Esther Bejarano, Auschwitz Orchestra Musician, Dies
Esther Bejarano, who played in the Women’s Orchestra of Auschwitz and used music to fight anti-Semitism and racism, has died aged 96.
Esther Bejarano, one of the last survivors of the Women’s Orchestra of Auschwitz, has died aged 96. Meron Mendel, the director of the Anne Frank Education Centre, said, “She dedicated her life to music and to the fight against racism and anti-Semitism.”
Esther Bejarano died peacefully on Saturday 10 July 2021 in a Jewish hospital in Hamburg, Germany. She was born in 1924 in the town of Saarlouis, on the Franco-German border. Her father was a cantor, and she learnt to play the piano and to sing from a young age. Bejarano tried to emigrate to Palestine as a teenager, but failed, and was forced to stay in Western Europe as the disastrous Nazi storm was unleashed.
When World War II broke out her family was murdered by the Nazis, because they were Jewish, and she was sent to a concentration camp; in 1943 she was subsequently moved to Auschwitz-Birkenau and was forced into hard labour and made to work in the fields, which involved carrying heavy stones.
In an interview with the Shoah Foundation – an organization which seeks to share the stories of Holocaust survivors – Esther Bejarano recalled how one day, the German soldiers requested someone to sing for them; she put herself forward and sang songs by Schubert and Mozart which she had learnt as a child. Subsequently, the SS (who ran the camp), ordered that a woman’s orchestra be created as a propaganda tool and supposedly to boost morale – they also believed it would ensure better behaviour and help with the running of the camp.
Esther Bejarano played in the Women’s Orchestra of Auschwitz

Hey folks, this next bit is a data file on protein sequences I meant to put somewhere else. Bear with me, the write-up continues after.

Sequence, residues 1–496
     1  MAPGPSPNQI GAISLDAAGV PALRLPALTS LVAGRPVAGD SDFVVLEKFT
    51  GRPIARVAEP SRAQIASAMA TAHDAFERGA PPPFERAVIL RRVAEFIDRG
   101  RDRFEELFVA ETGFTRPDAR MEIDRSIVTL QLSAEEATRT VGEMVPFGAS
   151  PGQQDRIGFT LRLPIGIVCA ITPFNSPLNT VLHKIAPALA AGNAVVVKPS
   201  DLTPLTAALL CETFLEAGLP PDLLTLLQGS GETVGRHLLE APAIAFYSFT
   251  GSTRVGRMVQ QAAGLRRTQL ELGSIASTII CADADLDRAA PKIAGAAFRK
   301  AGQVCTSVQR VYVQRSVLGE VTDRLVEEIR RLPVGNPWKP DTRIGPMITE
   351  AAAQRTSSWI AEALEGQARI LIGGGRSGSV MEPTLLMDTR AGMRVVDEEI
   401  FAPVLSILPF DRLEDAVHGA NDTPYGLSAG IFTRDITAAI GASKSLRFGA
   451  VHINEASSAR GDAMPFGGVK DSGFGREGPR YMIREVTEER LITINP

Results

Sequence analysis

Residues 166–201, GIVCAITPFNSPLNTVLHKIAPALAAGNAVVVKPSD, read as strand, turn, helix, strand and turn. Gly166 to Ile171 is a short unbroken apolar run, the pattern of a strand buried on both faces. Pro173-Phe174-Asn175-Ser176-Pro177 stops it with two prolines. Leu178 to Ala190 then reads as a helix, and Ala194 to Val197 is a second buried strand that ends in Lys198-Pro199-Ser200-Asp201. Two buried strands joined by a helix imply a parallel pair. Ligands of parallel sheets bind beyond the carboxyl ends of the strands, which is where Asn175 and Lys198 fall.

Although Esther Bejarano only played piano, she volunteered to join the orchestra as an accordion player, having never played the instrument before. She was accepted into the orchestra, which became known as the Women’s Orchestra of Auschwitz, and realised, “This was my luck, because from then on I didn’t have to work in the fields anymore”. She later said that music helped to keep her alive in the notorious German Nazi death camp.
The Women’s Orchestra of Auschwitz, which grew to include 47 members, practiced for hours a day and had to perform every time trains full of Jews arrived at the camp. In an interview with Deutsche Welle in 2014 Esther Bejarano recalled, “You knew they were going to be gassed and all you could do was stand there and play.”
After her liberation and the end of the war, she moved to Israel for fifteen years, before returning to Germany and making a home in Hamburg with her husband and two children. She founded a music group, Coincidence, with her son and daughter, and they created and sang anti-fascist songs, and she also performed with hip-hop group Microphone Mafia to spread an anti-racism message to German youth. Esther Bejarano was determined that the horrors of the Holocaust were never forgotten, and that young people should be educated about the Nazi movement.
An important voice in the fight against racism and anti-Semitism
She co-founded the International Auschwitz Committee with other survivors of the Auschwitz death camp in the hope of maintaining contact with survivors on both sides of the Iron Curtain, with the ultimate aim of ending anti-Semitism.
German Foreign Minister Heiko Maas said Bejarano was an important voice in the fight against racism and anti-Semitism.
Esther Bejarano received numerous awards, including Germany’s Order of Merit, for her activism against what she called the “old and new Nazis,” quoting fellow Holocaust survivor Primo Levi’s warning that “it happened, therefore it can happen again.”
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